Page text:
How industrial vision systems differ from the human brain

Industrial machine vision applications work a lot like the human brain does, but they aren't quite as flexible and have other potential limitations we may not realize.

By Jon Breen February 5, 2021

I see a lot of vision applications and sometimes it surprises me what people expect a camera to do. Industrial vision inspection is very powerful, but it doesn’t work the same way the human brain does, so you can’t expect it to do the same things or in the same way. This can be both a help and a hindrance. As with any engineering task, understanding how the system works can help us maximize the benefits and mitigate the weaknesses.

How the human brain processes images

Your brain is a pattern recognizing machine. Primed with a lifetime of learned patterns, it can quickly identify and categorize nearly anything you can see. Even when pictures aren’t clear, you can probably make a good guess just based on context. You know where you are, what you’re looking for, and you’ve got the additional benefit of all your other senses.

When you’re considering a vision inspection task, you also have deep knowledge about the product you’re inspecting, the process that created it, and the things that can go wrong. That helps in determining if something is a good part or reject.

Unlike a computer, your brain is very flexible and readily learns from experience. You can quickly and effortlessly learn new product categories or defect types. You can recognize patterns without having to be taught. If you don’t see what you’re looking for in the place you expect, you’ll look elsewhere. Even fuzzy or distorted images are recognizable to the human brain, and you’ll usually get better over time.

While the human brain is supreme when it comes to pattern recognition (also called categorization in vision systems), it has some limitations.  It can be inconsistent from person to person or day to day, sometimes slow, and it’s not numerical, so things like measurement from visual inputs are difficult.

How industrial vision inspection works

On the other hand, when you’ve got an automated vision inspection system, it only knows what you tell it.  It has no idea about the process or the part, no stored bank of patterns to recognize, no awareness of context, and no other senses.

The programmed system is very rigid in its approach to finding, categorizing, and measuring features.  Each step of the process has to be specifically set up by the programmer, so it won’t improve over time without help, it won’t learn new patterns, and it won’t look anywhere else if it doesn’t find what it’s looking for.

This rigid approach has its benefits, as well.  It tends to be fast, consistent, and numerical, all important features for industrial processes.  It’s also very good at measurement tasks.

Simplicity is important for automated inspection. Set up the camera and lighting to collect images with high contrast on the features of interest and low contrast on everything else. This helps simple algorithms (compared to your brain) to be effective. Simple algorithms process faster, and they’re more feasible from a programming perspective.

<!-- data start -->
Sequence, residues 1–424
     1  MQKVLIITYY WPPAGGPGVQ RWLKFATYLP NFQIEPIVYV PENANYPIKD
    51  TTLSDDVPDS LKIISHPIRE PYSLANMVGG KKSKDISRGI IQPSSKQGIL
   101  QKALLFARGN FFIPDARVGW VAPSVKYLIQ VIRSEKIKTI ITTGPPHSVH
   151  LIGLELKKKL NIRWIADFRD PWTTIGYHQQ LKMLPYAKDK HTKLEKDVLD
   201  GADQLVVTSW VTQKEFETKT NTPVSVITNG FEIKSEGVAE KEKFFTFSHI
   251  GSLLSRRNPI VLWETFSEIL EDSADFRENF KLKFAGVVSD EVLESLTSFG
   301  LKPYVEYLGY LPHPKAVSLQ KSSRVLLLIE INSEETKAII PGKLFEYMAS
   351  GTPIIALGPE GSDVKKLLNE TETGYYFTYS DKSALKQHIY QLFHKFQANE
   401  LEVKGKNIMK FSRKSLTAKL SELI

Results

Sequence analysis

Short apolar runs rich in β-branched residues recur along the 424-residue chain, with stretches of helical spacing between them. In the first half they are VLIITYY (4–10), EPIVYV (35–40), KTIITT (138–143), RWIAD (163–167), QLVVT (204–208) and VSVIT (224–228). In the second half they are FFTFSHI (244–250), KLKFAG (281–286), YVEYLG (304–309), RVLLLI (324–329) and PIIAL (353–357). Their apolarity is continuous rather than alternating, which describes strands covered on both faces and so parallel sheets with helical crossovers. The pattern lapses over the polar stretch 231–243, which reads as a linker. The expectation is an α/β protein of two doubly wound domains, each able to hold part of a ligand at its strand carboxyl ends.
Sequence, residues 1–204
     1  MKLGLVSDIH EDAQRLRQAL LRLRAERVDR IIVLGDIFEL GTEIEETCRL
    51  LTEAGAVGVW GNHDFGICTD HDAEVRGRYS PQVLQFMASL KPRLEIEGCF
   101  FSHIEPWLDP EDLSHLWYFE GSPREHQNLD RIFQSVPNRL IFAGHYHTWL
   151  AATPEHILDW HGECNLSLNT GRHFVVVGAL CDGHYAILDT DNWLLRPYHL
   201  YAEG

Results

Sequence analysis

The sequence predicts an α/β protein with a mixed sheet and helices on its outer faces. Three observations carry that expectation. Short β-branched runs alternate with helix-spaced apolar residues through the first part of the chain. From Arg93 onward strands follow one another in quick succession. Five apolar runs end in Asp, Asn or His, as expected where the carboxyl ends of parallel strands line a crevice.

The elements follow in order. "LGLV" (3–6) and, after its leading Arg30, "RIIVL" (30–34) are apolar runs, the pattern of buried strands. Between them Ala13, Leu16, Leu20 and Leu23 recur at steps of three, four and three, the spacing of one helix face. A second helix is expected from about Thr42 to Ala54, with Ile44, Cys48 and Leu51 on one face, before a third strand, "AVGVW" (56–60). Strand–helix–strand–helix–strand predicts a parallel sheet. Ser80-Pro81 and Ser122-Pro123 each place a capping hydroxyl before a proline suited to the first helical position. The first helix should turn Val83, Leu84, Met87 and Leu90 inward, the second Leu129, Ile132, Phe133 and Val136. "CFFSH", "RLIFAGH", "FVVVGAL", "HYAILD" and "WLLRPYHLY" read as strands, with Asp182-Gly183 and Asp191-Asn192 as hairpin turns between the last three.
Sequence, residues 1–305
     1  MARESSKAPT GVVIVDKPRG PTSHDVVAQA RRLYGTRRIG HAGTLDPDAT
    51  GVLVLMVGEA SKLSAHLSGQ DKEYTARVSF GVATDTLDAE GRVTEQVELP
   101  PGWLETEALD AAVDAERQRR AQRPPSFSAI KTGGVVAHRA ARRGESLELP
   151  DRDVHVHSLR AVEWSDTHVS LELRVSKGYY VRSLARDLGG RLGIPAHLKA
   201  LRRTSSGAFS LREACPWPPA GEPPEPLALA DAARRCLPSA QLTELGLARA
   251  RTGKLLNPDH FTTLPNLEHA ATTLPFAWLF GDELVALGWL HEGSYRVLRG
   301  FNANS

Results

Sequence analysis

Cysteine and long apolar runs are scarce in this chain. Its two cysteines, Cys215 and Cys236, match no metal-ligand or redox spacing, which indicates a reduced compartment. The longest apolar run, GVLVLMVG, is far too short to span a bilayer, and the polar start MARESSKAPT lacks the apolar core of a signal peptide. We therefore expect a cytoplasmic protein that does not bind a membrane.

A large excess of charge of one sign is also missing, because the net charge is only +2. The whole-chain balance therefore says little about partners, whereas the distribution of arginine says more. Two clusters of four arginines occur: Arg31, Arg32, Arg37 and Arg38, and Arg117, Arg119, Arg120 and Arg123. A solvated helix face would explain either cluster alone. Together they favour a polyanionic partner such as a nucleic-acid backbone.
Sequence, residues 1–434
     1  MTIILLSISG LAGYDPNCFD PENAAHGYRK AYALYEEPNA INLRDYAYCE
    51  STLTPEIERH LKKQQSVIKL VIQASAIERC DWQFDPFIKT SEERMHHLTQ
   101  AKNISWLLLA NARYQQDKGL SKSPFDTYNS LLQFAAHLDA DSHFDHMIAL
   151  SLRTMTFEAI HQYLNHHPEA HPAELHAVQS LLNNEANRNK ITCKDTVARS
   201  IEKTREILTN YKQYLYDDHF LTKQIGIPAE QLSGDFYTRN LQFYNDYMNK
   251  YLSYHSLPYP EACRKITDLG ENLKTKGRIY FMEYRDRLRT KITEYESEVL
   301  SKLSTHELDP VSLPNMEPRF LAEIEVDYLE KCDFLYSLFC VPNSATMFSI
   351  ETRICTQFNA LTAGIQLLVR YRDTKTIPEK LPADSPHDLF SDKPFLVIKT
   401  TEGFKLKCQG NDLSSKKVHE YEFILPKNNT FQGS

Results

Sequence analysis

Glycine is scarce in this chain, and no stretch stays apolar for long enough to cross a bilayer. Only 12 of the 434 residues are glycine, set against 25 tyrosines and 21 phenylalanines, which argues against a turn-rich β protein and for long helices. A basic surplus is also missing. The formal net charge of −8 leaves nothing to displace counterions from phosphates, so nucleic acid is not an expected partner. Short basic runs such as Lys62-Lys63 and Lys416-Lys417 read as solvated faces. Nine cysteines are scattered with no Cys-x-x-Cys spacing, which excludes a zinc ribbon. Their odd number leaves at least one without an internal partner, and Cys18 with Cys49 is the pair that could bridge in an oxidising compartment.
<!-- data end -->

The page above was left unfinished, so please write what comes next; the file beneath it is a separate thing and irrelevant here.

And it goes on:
Machine learning works as a hybrid approach

Very recently, we’ve got a new tool in industrial vision that’s like a cross between your brain and a traditional automated vision system.  Machine learning (ML), a branch of artificial intelligence can now be purchased for automated vision inspection, granting machines some of the power of the human brain.

These systems tend to be good for inspection tasks that can’t be setup for high contrast on the features of interest. For example, ML approaches can inspect weld quality using discoloration. Some processes also have defect modes that are hard to quantify for a traditional system – things like scratches, burn marks, and dents – but ML techniques can be a good fit.

This is still a new area for automated inspection. The tools are expensive, they require a lot of processing power, and they aren’t as well suited to the tasks that traditional tools excel at – location, measurement, high-speed applications.  They have a big part to play in the future of automated inspection, but aren’t yet a primary choice for most applications.

Closing thoughts

Engineering is always about weighing pros and cons, applying the right tools for the application in a way that maximizes benefits and minimizes drawbacks. Vision is a perfect example. When you know how it works, you can apply it to the right applications with the right lighting and programming to do the job well. And the big takeaway is: don’t expect the computer to be as smart as a human brain. The technology just isn’t there yet.

This article originally appeared on Breen Machine Automation Services’ blog. Edited by Chris Vavra, web content manager, Control Engineering, CFE Media and Technology,

Original content can be found at

Author Bio: Jon Breen, owner, Breen Machine Automation Services, LLC